Definition of instinctive in US English:



  • 1Relating to or prompted by instinct; apparently unconscious or automatic.

    ‘an instinctive distaste for conflict’
    • ‘Whether we're conscious of it or not, we have an instinctive way of approaching color.’
    • ‘Where Dan's response to the landscape is creative, instinctive and passionate, Ann's is methodical and cold.’
    • ‘In this quite abnormal character, instinctive wisdom appears only to hinder conscious knowledge at certain points.’
    • ‘It seems remarkable that the arrival of such an instinctive, unpredictable character results in the ship being steadied.’
    • ‘He was gifted when it came to matters relating to the soil and livestock and his instinctive knowledge was always put to good use.’
    • ‘The art tends to be beautiful and quite raw - it has a childlike, instinctive quality in some ways and is really technical in others.’
    • ‘It is an instinctive recognition of what their successors have done to the spirit and style of the game in the intervening years.’
    • ‘The ideology, which he professes not to possess, is instinctive.’
    • ‘He relies on an instinctive sense of who is good and who is bad overseas?’
    • ‘This could make for clearer conversation and remove the instinctive impulse to shout into a phone when the line is very noisy.’
    • ‘It is an intuitive and instinctive art that does not need school tutoring.’
    • ‘The question turns upon how much violence is done to our instinctive feelings of justice and fair play.’
    • ‘Some say only humans are conscious and animals are instinctive and machinelike.’
    • ‘The spiritual and the supernatural, even the gruesome arouse an instinctive curiosity in all of us.’
    • ‘It's about making things look, sound, and feel so good that their first impression has emotional and instinctive impact.’
    • ‘The union overcomes this instinctive knowledge by convincing teachers that they in fact have no capacity to teach.’
    • ‘A man with an instinctive knowledge of the land, he was regarded as one of the top farmers in the region down through the years.’
    • ‘And perhaps is it our instinctive love of blood and gore that makes us shudder about stories of vampire bats?’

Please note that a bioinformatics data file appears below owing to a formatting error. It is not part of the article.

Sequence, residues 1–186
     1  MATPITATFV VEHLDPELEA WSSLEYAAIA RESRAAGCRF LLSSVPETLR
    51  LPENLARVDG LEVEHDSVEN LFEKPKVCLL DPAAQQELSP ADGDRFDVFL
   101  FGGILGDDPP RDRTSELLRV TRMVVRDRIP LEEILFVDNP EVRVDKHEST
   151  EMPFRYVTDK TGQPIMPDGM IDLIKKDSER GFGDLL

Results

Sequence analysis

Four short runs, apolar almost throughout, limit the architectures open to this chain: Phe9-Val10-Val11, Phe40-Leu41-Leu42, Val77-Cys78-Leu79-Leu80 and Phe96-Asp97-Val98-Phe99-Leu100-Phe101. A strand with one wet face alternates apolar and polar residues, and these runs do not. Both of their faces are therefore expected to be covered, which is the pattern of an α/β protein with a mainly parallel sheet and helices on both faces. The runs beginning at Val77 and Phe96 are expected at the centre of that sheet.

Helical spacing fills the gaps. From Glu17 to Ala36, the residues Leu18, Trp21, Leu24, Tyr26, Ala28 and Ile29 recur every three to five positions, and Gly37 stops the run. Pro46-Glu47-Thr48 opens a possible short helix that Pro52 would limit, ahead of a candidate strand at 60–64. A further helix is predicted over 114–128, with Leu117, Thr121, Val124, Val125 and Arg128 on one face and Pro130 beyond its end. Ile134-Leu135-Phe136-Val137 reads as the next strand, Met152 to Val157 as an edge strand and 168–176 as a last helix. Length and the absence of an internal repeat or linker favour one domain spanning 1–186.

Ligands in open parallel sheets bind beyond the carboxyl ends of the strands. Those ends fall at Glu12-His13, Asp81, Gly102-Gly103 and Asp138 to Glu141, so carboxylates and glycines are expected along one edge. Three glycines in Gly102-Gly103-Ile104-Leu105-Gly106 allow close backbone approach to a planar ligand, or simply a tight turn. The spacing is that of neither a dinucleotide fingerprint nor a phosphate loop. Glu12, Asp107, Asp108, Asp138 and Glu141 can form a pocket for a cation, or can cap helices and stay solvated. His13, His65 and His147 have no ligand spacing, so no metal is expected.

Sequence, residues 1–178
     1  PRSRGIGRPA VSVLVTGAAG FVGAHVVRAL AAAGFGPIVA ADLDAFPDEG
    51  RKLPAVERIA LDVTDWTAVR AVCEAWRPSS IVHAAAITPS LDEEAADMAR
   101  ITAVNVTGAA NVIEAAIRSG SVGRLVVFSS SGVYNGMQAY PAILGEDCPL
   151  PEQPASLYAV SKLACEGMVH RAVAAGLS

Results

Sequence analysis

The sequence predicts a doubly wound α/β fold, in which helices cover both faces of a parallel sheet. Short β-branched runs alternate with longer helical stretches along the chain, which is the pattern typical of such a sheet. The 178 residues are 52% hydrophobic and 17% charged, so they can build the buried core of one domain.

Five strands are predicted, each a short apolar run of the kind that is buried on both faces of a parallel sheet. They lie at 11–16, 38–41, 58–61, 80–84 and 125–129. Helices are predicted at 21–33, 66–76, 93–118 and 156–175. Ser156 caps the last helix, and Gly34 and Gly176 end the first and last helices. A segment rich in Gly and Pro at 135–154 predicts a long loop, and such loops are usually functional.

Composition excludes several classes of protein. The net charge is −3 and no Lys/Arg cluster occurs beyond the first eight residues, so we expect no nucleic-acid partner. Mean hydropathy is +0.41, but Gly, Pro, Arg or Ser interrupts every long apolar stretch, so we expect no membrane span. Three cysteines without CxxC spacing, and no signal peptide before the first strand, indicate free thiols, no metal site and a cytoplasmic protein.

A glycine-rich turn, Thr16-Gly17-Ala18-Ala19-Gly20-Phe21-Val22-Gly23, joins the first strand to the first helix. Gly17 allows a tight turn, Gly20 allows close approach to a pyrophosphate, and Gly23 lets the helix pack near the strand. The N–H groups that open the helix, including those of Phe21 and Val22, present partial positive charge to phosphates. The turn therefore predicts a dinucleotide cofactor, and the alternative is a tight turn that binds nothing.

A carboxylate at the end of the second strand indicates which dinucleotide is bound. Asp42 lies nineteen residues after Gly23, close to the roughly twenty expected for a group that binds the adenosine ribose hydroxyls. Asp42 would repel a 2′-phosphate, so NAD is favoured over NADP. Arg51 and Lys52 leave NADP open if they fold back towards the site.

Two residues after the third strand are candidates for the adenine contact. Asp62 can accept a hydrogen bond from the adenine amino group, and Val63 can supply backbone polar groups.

• ‘Cats can represent feminine and instinctive feelings, and this is reinforced by the fact that they're your mother's pets.’
    • ‘He had an instinctive knowledge of the area and its people and a great ‘feel’ for country life.’
    1. 1.1 (of a person) doing or being a specified thing apparently naturally or automatically.
      ‘an instinctive writer’
      • ‘Were you naturally instinctive or did your parents force you to take lessons?’
      • ‘He's instinctive, plays both the run and the pass well and has tremendous burst.’
      • ‘I suspect that many instinctive Conservatives may well do that.’
      • ‘When you approach this kind of role, do you think about it or are you instinctive?’
      • ‘He was an instinctive, thoroughbred talent who never had to worry about tactics or movement since it came naturally to him.’
      • ‘The vast number of instinctive conservatives know there is something wrong with the New Capitalism.’
      • ‘I think he had not only the training of method acting, but I think he was also instinctive.’
      • ‘He is also instinctive and tactical and would be a great fit on a team that needs a quick fix at guard.’
      • ‘They are instinctive commissars, which made the UN their natural ally.’
      • ‘Long-term injury to Garry O'Connor robbed them of one of Scottish football's most instinctive finishers.’
      • ‘Bennett gets open because he is instinctive, makes good decisions and runs great routes.’
      • ‘As an instinctive fence-sitter, I have recently found myself ambivalent on most of them.’
      • ‘He was the most wonderful, instinctive actor, with a strange grace that came from his early years as a song-and-dance man.’
      • ‘I found that she's a very intuitive, instinctive actress, she doesn't talk a lot of stuff about motivations.’
      intuitive, natural, innate, inborn, inherent, inbred, instinctual, unconscious, subconscious, subliminal, emotional, intuitional, untaught, unlearned
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Instinctive and instinctual both mean ‘relating to or prompted by instinct; unlearned, natural, automatic.’ Instinctual (like processual and other similar formations) is a variant usually found in learned journals of the social sciences